ShortBookandScribes #Extract from The Pull of the River by Matt Gaw @MattGaw @eandtbooks #nonfiction

I’m so pleased to be able to share an extract from The Pull of the River by Matt Gaw with you today. It’s ‘A Journey into the Wild and Watery Heart of Britain’ and the extract is about the Great Glen Trail. My thanks to Alison Menzies for asking me to post and to Elliott and Thompson for sending me a copy of the book.

Tales of escape and adventure on Britain’s waterways

In The Pull of the River two foolhardy explorers do what we would all love to do: they turn their world upside down and seek adventure on their very own doorstep.

In a handsome, homemade canoe, painted a joyous nautical red the colour of Mae West’s lips, Matt and his friend James delve into a watery landscape that invites us to see the world through new eyes.

Over chalk, gravel, clay and mud; through fields, woodland, villages, towns and cities, they reveal many places that otherwise go unnoticed and perhaps unloved, finding delight in the Waveney, Stour, Alde/Ore, upper and lower Thames, Lark, Great Ouse, Granta and Cam, Wye, Otter, Colne, Severn and the Great Glen Trail.

Showing that it is still possible to get lost while knowing exactly where you are, The Pull of the River is a beautifully written exploration of nature, place and friendship, and an ode to the great art – and joy – of adventure.

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The Pull of the River: A Journey Into the Wild and Watery Heart of Britain by Matt Gaw
From Chapter 10, Into the Wild


“Navigating Lochy now, you’d be forgiven for thinking that the glacier that once filled this rift during the last Great Ice Age had only just retreated. There is an untampered-with oldness that I didn’t expect to see outside of the wilds of Canada or Alaska. It is both stark and beautiful. The water and land combine in a shifting palette of greys, blacks and greens. Grey on the mountain, the sky, the tree trunks crystallised with silver lichen and on the rocks licked wet by the water. Green in the pines and the great puddings of moss that slip towards the loch’s edge. Black in the water itself, like squid ink or starless space.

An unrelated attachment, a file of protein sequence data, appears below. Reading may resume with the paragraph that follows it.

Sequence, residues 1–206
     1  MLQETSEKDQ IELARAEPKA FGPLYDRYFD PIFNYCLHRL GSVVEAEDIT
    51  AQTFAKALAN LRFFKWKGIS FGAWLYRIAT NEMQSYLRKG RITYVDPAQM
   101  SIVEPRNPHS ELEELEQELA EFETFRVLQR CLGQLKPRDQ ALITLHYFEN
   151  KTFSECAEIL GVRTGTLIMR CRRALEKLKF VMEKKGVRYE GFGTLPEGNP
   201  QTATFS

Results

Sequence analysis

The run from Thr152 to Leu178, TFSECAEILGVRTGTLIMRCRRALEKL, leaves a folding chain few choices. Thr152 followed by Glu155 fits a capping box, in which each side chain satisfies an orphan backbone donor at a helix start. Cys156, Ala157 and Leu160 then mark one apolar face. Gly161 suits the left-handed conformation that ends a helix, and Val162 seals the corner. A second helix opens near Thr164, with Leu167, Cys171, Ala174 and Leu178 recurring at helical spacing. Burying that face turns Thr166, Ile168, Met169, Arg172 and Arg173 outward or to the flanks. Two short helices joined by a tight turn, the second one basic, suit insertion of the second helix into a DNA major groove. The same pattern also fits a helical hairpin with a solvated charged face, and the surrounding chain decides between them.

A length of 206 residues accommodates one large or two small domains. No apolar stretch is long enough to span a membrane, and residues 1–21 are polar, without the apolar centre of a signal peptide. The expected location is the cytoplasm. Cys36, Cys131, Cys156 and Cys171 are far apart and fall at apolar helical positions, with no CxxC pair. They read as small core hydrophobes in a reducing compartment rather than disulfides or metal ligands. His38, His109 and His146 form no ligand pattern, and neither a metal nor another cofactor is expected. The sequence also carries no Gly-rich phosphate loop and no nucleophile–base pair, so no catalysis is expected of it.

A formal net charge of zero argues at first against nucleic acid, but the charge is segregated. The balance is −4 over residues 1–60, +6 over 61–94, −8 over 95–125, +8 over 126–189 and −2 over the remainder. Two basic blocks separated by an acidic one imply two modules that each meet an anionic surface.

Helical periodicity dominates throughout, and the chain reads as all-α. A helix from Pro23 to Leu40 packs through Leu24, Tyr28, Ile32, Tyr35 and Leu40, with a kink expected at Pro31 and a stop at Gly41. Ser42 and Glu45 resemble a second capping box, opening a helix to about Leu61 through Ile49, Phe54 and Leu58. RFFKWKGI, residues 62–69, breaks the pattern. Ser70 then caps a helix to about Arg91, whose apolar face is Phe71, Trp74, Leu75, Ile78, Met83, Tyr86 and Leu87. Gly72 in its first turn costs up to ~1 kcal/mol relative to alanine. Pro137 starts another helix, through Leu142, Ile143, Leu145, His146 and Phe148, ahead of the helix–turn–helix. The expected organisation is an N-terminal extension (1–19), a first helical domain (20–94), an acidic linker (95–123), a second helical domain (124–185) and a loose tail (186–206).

We had intended to follow the shoreline, but the canal entrance lines us up with the end of the bay, a headland about a mile away, perhaps more. We set off, the wind rising and blowing against us as we head for the horizon, the sky meeting the water in the narrowest of mountain passes. The waves are bigger than I expected and faster. As we ride over one and into its trough, another one hits. The Pipe cuts through to leave a sheet of water that slides over her nose and into James’s lap.

With so much water, so much landscape, it’s hard to gain perspective or gauge our speed. The single white house that clings to the loch’s edge by the mouth of the bay gets neither closer nor further away. The waves, once black messy humps, folding over themselves with a white-spittle foam, driven by the wind become black horses’ heads. They gallop towards us with bubbling manes, tossing and bouncing us from their liquid flanks. They break without warning too, exploding underneath us or collapsing meekly as we get ready to ride them. Up and down, lifted and dropped. I’m quite surprised I don’t feel sick; maybe I have finally found my sea legs in the centre of Scotland.

Loch Lochy is said to mean Loch of the Dark Goddess.According to legend it is home to a kelpie, a river horse that crept from the lake and assumed an equine shape to graze on the shore. Known here as Lord of the Lake or the Water King, when disturbed he would plunge back into the water. His power was said to be so great that he could shake the universe, his movements being both awesome and destructive, overturning boats and enticing mares and children to their deaths. Perhaps it is he, not the fault line, which caused the towns around the Great Glens to shake.”

Matt is a writer, journalist and naturalist who lives in Bury St Edmunds. His work has been published in the Telegraph, the Guardian and the Times. He works with the Suffolk Wildlife Trust, edits Suffolk Wildlife and writes a monthly country diary for the Suffolk Magazine.

The Pull of the River is his first book. He is at work on a second.



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